Training with or without a track

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FromHereOnOut
FromHereOnOut Posts: 3,237 Member
i want to start this dicussion from another thread where there was mention of track workouts helping with long distance pace improvement.

First, I'd be interested in how others have used track workouts to help improve pace, especially if you gave a personal story of improvement and what you did. This would be much appreciated!

And second, there was mention that tracks are not necessary, just a known distance. I'd like some advice on this.

My situation is that I'm base building now, but will eventually want to add one faster run per week and some occasional strides, keeping the rest of my runs aerobic or recovery. The faster run I can do anywhere, it'd just be a faster version of my normal runs.

My question then comes to strides. It was mentioned in the other thread that you don't need a track for speed work, just known distances. Here's my question. Does it matter if there are hills and obstacles? If hills are okay, then I'll find a place eventually. (There's a park that's not quite rectangular, 840m around, including two hills). If hills are not okay, then I'd probably only find a place with obstacles or at the very least, curbs to jump. There just aren't long, flat straightaways where I live.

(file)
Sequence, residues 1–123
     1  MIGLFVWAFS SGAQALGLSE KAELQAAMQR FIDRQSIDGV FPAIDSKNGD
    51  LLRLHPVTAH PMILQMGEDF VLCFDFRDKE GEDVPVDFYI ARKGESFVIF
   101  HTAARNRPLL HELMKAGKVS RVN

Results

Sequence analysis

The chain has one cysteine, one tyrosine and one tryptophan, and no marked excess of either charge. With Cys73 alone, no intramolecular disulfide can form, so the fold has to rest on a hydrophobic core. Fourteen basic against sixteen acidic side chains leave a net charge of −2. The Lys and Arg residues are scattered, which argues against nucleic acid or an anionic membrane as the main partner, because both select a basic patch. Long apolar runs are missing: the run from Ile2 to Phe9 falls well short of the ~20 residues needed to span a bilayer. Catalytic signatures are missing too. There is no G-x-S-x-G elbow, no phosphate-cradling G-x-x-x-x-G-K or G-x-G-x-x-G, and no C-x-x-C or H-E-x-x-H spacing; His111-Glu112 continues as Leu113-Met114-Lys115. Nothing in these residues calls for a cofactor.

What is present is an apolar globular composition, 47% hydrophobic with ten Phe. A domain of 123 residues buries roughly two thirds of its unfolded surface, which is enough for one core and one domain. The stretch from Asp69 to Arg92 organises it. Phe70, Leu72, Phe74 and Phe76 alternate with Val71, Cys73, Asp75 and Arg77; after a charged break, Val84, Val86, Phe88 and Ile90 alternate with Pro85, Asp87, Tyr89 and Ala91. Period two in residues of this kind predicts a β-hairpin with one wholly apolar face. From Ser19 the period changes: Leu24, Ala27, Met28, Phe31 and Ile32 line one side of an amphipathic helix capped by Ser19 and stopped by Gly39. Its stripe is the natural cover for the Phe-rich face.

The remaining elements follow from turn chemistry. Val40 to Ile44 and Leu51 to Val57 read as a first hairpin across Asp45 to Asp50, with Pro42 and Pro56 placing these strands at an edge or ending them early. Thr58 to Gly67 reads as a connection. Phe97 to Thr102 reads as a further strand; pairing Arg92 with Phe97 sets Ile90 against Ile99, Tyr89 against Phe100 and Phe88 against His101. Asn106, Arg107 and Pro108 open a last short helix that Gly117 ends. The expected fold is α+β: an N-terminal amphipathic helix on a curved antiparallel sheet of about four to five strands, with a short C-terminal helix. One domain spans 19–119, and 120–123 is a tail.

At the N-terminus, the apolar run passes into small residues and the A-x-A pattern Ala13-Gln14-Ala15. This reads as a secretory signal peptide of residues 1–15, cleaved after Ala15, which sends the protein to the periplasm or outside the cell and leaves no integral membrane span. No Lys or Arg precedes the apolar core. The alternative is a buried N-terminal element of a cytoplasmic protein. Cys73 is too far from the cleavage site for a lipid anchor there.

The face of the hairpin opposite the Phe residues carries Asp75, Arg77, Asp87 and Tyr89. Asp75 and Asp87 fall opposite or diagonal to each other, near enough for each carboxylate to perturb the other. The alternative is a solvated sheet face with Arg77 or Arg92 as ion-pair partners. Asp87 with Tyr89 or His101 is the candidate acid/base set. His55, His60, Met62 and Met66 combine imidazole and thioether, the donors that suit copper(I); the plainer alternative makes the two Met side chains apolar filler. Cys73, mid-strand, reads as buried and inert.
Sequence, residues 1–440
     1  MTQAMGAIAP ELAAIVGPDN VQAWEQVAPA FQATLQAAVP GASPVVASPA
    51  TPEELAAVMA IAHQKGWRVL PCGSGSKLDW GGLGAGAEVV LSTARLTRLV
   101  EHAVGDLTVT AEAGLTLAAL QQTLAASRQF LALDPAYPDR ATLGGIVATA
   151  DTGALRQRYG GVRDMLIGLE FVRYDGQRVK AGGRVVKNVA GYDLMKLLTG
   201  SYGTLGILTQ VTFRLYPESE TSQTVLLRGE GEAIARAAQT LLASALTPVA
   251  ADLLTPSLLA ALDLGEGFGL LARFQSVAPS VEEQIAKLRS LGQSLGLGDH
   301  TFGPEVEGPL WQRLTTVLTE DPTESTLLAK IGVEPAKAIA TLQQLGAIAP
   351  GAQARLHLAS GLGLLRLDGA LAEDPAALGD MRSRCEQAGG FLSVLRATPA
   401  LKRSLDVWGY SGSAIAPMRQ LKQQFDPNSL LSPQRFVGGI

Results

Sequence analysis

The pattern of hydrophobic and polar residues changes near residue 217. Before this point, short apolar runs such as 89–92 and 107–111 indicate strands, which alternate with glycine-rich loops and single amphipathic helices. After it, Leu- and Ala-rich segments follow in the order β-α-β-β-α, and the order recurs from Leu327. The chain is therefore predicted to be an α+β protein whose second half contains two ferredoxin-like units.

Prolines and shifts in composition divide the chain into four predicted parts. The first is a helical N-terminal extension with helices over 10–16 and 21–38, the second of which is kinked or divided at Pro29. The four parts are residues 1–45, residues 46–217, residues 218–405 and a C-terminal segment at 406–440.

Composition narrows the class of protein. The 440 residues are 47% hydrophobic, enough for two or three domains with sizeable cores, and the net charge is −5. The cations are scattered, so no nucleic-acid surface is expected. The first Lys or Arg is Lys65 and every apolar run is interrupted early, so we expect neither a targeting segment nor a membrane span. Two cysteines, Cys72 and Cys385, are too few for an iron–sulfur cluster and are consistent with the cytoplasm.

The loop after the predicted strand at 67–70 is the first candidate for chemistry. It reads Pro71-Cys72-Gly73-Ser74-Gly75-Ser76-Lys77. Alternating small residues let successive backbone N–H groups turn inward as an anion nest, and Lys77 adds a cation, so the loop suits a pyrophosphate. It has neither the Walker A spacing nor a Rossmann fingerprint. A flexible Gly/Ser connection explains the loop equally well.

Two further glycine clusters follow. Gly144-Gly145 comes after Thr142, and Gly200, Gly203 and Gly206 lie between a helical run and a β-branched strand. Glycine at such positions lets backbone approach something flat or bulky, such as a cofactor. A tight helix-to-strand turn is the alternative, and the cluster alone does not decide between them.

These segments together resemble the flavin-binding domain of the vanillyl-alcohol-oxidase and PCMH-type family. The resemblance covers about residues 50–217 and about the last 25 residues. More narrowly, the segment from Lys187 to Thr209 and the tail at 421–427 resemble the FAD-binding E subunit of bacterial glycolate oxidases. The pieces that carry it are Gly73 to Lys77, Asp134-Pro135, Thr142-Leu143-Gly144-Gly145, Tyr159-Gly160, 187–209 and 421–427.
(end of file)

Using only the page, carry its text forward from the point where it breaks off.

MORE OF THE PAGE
I live in a dense city, with lots of traffic and lots of obstacle-laden sidewalks (parking in the sidewalk is the norm here, plus trees, bus stops, trash bins, crushed sidewalks, curbs etc). It's also very very hilly. I can think of no place that is not with some sort of incline/decline and often somewhat steep. There are also no free tracks. You must pay a monthly membership to have access to a track. So if I start to use a track, I'll want to have a plan in place.

Thank you so much!

Replies

  • vcphil
    vcphil Posts: 79 Member
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    I started doing "workouts" (tempos, speedwork, hills, etc) after running for a few years. I took my 5k time from ~25 min to 22:30 in 4 months by simply "adding track workouts".. But then I peaked. I stopped improving. I was running the same mileage a week & doing track workouts all the time for months with no improvement.

    I stopped doing workouts & upped my mileage to 50ish. At that point, after cutting out "workouts" for 4 months, I ran a 20:59 5k.

    Without much improvement, I then started adding "track" workouts to my weekly routine at 50-60mpw and ran a 19:56.. Then eventually a 18:56..

    It's the combination of mileage & workouts that have collectively got me to my current fitness level.